Pueblo Inspiration

Inspired by that famous shirt, found near the Tonto Ruins in Arizona (check out http://www.statemuseum.arizona.edu/coll/photographic/tonto_shirt.shtml), I’ve created a shawl. The material was ‘sock yarn’ hand dyed by Glenna Dean of Abiquiu Dye Studios. It began as an extra long hang of yarn, eight ft in circumference. I asked Glenna to do a special ‘rainbow dye’, that is, to dye in sections, creating a multicoloured warp.

The warp, set on my frame.

The warp, set on my frame.

I set the warp in circular warp fashion, a bit longer than the eight foot length from the dye vats. This off-set the color pattern a bit, creating diagonal stripes. The cloth grows outward from a central starting line.

The first foot or so, forming around that central starting line.

The first foot or so, forming around that central starting line.

Right off the frame, yes, it did want to curl. A wash, and then drying flat took care of that tendency.

Right off the frame, yes, it did want to curl. A wash, and then drying flat took care of that tendency.

Here’s the finished shawl. I knotted the ends to form a fringe.

The colours agreed with the pattern

The colours agreed with the pattern

.... on both ends of the shawl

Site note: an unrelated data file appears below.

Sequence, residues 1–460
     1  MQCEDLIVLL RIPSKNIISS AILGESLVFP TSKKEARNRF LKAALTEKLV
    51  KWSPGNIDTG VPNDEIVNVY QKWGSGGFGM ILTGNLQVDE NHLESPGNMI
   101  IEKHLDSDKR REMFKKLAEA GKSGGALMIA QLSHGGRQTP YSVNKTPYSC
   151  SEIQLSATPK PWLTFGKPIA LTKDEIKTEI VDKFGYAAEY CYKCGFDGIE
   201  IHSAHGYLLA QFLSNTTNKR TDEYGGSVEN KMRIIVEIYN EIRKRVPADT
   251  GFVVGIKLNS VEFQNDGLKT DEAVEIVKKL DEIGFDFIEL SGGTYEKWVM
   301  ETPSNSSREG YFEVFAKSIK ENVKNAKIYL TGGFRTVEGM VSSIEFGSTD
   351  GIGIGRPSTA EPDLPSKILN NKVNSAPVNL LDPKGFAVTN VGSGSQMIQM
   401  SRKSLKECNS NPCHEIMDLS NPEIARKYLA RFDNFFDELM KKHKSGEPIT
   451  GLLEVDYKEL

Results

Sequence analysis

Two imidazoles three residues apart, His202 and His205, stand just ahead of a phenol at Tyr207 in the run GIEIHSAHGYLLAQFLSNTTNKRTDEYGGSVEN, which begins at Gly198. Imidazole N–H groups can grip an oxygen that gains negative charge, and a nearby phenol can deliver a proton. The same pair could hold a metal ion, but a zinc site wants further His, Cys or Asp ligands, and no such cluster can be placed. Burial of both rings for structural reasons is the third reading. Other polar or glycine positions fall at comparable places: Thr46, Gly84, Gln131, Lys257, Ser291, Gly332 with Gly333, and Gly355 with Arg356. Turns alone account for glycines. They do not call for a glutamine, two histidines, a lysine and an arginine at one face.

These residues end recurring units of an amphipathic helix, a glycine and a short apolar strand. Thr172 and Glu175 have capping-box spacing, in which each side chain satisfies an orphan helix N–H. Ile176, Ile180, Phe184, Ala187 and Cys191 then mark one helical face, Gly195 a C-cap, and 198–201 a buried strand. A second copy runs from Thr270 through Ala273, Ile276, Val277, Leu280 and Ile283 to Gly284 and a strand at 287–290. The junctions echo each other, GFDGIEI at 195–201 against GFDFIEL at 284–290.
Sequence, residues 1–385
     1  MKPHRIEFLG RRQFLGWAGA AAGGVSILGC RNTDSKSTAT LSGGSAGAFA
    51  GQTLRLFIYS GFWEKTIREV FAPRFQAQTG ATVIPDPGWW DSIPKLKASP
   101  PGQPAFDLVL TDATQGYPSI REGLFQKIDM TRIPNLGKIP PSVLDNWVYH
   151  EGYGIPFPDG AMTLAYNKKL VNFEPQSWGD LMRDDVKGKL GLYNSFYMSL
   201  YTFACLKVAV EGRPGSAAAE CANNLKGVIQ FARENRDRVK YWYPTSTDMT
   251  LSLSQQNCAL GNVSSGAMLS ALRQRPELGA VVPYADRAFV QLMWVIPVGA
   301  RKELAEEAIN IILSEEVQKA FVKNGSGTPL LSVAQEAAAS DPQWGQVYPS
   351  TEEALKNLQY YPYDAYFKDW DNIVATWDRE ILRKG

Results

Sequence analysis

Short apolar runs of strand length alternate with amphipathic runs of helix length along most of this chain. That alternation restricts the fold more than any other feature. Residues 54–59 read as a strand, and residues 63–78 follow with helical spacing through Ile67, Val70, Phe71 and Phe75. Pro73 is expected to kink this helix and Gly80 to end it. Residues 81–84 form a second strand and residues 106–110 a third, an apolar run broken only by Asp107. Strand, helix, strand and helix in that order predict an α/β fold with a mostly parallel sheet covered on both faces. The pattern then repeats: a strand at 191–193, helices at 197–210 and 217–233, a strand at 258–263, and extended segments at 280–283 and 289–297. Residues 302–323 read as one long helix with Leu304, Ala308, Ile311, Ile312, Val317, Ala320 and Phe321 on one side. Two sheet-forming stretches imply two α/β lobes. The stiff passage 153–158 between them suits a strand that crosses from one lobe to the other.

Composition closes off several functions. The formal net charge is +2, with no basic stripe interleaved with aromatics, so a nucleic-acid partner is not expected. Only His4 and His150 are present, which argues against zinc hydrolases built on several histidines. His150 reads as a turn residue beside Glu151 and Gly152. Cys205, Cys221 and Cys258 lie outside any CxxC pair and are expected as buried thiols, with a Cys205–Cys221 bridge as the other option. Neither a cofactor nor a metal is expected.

…. on both ends of the shawl

Now I’m working on a proper replica of that Tonto Shirt. I’m collaborating with the Arizona State Museum, who permitted me to photograph details of the shirt, and Louie Garcia, who will hand-spin the required amount of cotton (no small feat).

Not wanting to mis-calculate the yardage required, as well as verifying my pattern-writing skills, I’m presently working on a ‘practice piece’.

The first several inches of that practice shirt.

The first several inches of that practice shirt.

Looking at details of the original, I noted that the loops from front and back, where they meet at the shoulder line, are looped around a common thread. This made me think of Peter Collingwood’s ‘false circular warp’ setup. That’s the way I set up this shirt. It means I need a frame that is only half as long.

Now, re-examining photos I have of the front and back, I see that the back was turned over before being attached to the front. I’ll not be able to use this common starting line as the shoulder seam. I’ll have to separate front from back, flip one over, and then attach at the shoulder.

And, in other news, a St Boniface businessman challenged me to make a ‘ceinture fléchée necktie’. Never one to shrink in the face of a challenge, I had to try.

It's a fair bit of work, making this a very pricy neck tie ... but stunning.

It’s a fair bit of work, making this a very pricy neck tie … but stunning.

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